Stern: There’s certainly the sense of loneliness. There aren’t enough resources out there to support you and one of the challenges of caregiving is they find themselves caregivers without planning for it. There’s this sense of being thrown into it without notice or expectation, especially young caregivers. The other thing you hear is that for a lot of people, it takes a long time to acknowledge that they are caregivers. Some people reacted negatively to being a caregiver, saying things like “I’m a daughter, I’m caring for my mom.” It took a couple of years to say “Hey, I am actually a caregiver and need to think of myself as that.” 

Also see: Not expecting to be a caregiver? You’d better check that with your parents

MW: There is an episode with the actor Seth Rogen. Can you talk a little bit about what he and his wife had to say? 

Stern: His story starts with his wife, Lauren. So the beginning of their relationship was centered around the realization that the mother was developing Alzheimer’s. It’s an extraordinary story. 

They realize how difficult it is to watch loved ones deteriorate with Alzheimer’s and dementia. There are 5.8 million people diagnosed with Alzheimer’s and that is expected to double by 2050. They started a charity, HFC (short for “Hilarity for Charity”), where they provide respite support. One of the things with Alzheimer’s, you never get to go off duty. So they provide respite grants for people who just need a break and don’t have the resources to pay for that. 

MW: How can caregivers take care of themselves, and why should they? 

Stern: Caregivers have big challenges — they have financial challenges, health challenges, and a lot of them report they have depression themselves. It actually is a little bit of an epidemic in terms of needing mental and physical help for caregivers. If caregivers are falling apart, that’s not good for anyone. One of the hardest things is that there’s no social support for caregivers and as people live longer, those challenges will increase. There is no broader American plan for helping caregivers, and in this pandemic, companies are starting to talk about that, such as giving time off for these reasons. It is an extraordinary first step forward, but it is just the first step forward.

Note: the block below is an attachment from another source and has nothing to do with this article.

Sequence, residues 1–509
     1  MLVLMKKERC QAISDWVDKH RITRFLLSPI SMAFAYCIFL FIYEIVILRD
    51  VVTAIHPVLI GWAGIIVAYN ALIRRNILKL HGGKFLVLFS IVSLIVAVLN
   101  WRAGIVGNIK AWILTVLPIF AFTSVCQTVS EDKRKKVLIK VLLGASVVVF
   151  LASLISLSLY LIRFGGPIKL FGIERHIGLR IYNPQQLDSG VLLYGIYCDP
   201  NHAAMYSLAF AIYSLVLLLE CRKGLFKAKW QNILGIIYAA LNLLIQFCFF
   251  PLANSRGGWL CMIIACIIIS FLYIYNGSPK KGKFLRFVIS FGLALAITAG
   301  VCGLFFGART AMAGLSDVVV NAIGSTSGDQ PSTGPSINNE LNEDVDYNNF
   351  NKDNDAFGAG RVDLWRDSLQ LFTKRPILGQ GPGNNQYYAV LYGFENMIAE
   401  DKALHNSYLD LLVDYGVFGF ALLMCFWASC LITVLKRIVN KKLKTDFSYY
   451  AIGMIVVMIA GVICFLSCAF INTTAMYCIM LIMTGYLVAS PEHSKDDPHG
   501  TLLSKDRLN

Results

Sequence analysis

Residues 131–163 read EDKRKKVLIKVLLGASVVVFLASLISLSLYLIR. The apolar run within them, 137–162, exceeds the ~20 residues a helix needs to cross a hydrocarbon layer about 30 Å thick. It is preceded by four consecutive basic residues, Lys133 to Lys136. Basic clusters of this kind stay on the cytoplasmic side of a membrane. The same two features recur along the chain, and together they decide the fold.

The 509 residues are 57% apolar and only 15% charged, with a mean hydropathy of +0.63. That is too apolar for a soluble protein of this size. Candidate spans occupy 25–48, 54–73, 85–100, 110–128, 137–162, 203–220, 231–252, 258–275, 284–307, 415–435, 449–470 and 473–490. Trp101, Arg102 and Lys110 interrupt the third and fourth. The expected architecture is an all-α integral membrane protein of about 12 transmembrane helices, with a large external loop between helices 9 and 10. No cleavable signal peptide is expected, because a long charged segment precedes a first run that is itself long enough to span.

MW: How has caregiving changed during the pandemic? 

Stern: How do you give care to someone you can’t physically be present for? We talked to John Stagliano, a caregiver, on the podcast, who has both parents in their 80s. They came down with COVID and sheltered in place. They didn’t want to go to the hospital because they feared the hospital so he moved down from his home to be near them and did everything remotely. He video chatted with them, dropped things at their door, and tried to coordinate telemedicine. 

MW: What have we learned from or for caregiving in the midst of this pandemic? 

Stern: We learned it is hard and getting harder. We learned that technology can make a difference. Like John’s parents, they did everything by telemedicine. Things with technology will help but what you hear from Steve Cole from UCLA in another episode with Laura Carstensen from Stanford is how important human connections are. 

To put it in broader context, the number of people who are caregivers is 53 million. Pandemic aside, people are living longer, so it is raising questions about caregiving. There is no American solution. This is a challenge that will only increase in the future and will only get harder, so we should be talking about it.